By Betsy Sharkey, Los Angeles Times Film Critic
5:10 PM PST, February 27, 2014
There are so many good reasons to bag "The Bag Man." Where to begin?
Director David Grovic, who co-wrote the mobster thriller with Paul Conway, seems to be inspired by the seedy crime-noir sensibility the Coen brothers brought to 1984's cult classic "Blood Simple" or Quentin Tarantino to the brilliant bruising of 1994's "Pulp Fiction."
The filmmaker is also confused by it apparently, because both aforementioned films have believable underpinnings and interesting characters who are put through their twisted paces by artists who actually have an endgame in mind.
Instead, "The Bag Man," starring John Cusack, Robert De Niro and Rebecca Da Costa, is a brutally violent, misogynistic mind game gone wrong.
It begins with Dragna, De Niro's well-heeled mob type, cutting a bloody steak in a private jet while he proceeds to make Jack (Cusack) an offer he can't refuse: Pick up a bag, don't look inside, wait for Dragna to pick it up, get paid lots of bucks. Did I mention that no matter what happens, Jack must never look inside the bag?
The filmmakers should never let the audience look inside either, because it is the most nonsensical crime caper to make it on screen in a while. What logic might have survived to that point in the film dies a quick and dirty death.
Death, and dispensing it, seems to be the central theme of the film. It gives Cusack the chance to play a bad guy who is really good under all that short-tempered, punch-a-girl-if-I-have-to, kill-a-guy-if-I-must gruffness. Cusack makes Jack ever so slightly interesting.
Da Costa plays Rivka, a long-tall Sally who is turning tricks until she figures out what she really wants to do with her life. At the moment she'd rather not die, and she's interested in the idea of being Jack's partner in crime.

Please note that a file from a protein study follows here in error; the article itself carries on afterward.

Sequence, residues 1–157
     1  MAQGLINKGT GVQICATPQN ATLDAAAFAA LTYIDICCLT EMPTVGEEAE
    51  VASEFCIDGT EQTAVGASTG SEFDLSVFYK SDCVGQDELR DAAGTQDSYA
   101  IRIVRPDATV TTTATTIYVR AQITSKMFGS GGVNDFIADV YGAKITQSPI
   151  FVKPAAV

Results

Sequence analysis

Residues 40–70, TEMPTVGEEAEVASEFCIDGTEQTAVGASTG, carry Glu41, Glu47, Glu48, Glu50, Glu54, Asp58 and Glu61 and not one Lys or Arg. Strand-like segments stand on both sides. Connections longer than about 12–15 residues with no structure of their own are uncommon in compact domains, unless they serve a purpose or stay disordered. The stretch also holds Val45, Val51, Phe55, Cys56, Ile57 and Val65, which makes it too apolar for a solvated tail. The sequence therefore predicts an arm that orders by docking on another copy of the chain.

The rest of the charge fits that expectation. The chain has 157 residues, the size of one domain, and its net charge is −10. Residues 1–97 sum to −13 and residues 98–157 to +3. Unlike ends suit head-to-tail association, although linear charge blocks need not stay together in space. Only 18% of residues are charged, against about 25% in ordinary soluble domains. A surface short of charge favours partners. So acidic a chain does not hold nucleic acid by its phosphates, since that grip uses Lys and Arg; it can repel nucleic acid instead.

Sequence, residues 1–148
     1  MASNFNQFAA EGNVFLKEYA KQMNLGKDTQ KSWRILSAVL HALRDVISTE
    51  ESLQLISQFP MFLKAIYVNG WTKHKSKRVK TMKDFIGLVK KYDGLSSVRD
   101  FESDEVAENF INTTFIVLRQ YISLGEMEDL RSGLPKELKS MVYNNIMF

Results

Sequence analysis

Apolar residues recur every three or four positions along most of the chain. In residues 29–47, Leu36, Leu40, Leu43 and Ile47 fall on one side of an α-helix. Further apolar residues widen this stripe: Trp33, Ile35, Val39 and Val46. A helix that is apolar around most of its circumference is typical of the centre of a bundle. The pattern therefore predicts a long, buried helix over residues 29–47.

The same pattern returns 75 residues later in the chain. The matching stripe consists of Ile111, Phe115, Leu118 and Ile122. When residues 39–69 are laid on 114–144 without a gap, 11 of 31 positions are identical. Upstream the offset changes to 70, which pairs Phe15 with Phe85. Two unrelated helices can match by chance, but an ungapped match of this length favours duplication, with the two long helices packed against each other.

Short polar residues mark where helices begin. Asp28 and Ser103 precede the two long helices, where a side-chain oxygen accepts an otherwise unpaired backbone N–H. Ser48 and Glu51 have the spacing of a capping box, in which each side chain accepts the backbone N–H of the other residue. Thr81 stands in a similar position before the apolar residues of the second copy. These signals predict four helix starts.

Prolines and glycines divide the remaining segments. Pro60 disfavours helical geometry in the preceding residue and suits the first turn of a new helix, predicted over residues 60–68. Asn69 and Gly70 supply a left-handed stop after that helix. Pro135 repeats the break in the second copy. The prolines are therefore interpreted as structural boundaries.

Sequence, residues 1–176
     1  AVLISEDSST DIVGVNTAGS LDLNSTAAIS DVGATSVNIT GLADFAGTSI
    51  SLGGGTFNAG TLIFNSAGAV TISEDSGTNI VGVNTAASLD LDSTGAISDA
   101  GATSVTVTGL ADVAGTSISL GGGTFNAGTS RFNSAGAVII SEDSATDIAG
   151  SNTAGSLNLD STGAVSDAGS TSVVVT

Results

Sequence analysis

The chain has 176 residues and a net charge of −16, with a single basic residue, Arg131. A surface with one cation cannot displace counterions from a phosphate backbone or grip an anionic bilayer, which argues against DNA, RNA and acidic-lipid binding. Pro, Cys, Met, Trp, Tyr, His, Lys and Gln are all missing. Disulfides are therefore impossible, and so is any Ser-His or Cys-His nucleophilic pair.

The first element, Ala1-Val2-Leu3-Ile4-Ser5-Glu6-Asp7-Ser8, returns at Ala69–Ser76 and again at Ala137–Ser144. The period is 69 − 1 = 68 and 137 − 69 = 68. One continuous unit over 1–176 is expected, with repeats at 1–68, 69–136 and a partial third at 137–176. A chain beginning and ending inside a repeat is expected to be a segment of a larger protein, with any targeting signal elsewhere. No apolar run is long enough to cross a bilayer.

Rivka, a Serbian dwarf named Quano (Martin Klebba), an angry pimp named Lizard (Sticky Fingaz) and an irritating, rule- and wheelchair-bound motel clerk named Ned (Crispin Glover) are the key players hanging around a sleazy roadside motel. This is where Jack is instructed to wait for further instructions. In Room 13. Cue ominous music.
In fact, just keep the ominous music playing because for the rest of the film Jack will be driven by cloudy reasons to increase the body count in brutal ways.
I do like De Niro playing a wiseguy, instead of the clown act he's being doing a lot of in recent years. I just don't like this particular wiseguy. Still, the actor delivers his lines with the kind of threat that reminds you of how really great he is — in the right role.
Meanwhile, in spite of all the bad clothing choices that Rivka is forced to waltz around in, Da Costa is possibly the most interesting actor in the film. She's not had a role yet that asks much of her, but you get the sense she might be a knockout in the right one, and not for the assets exposed here.
The cinematography, handled by David Knight, is going for a dark, gritty verité style. Often it's so dark you can barely tell what is on screen, which shouldn't be taken as a criticism. I'd say the film unravels at some point, but that would assume there was something there to unravel.
Weirdly, I not only kept watching, I couldn't stop watching. But then I'm fascinated by train wrecks too.
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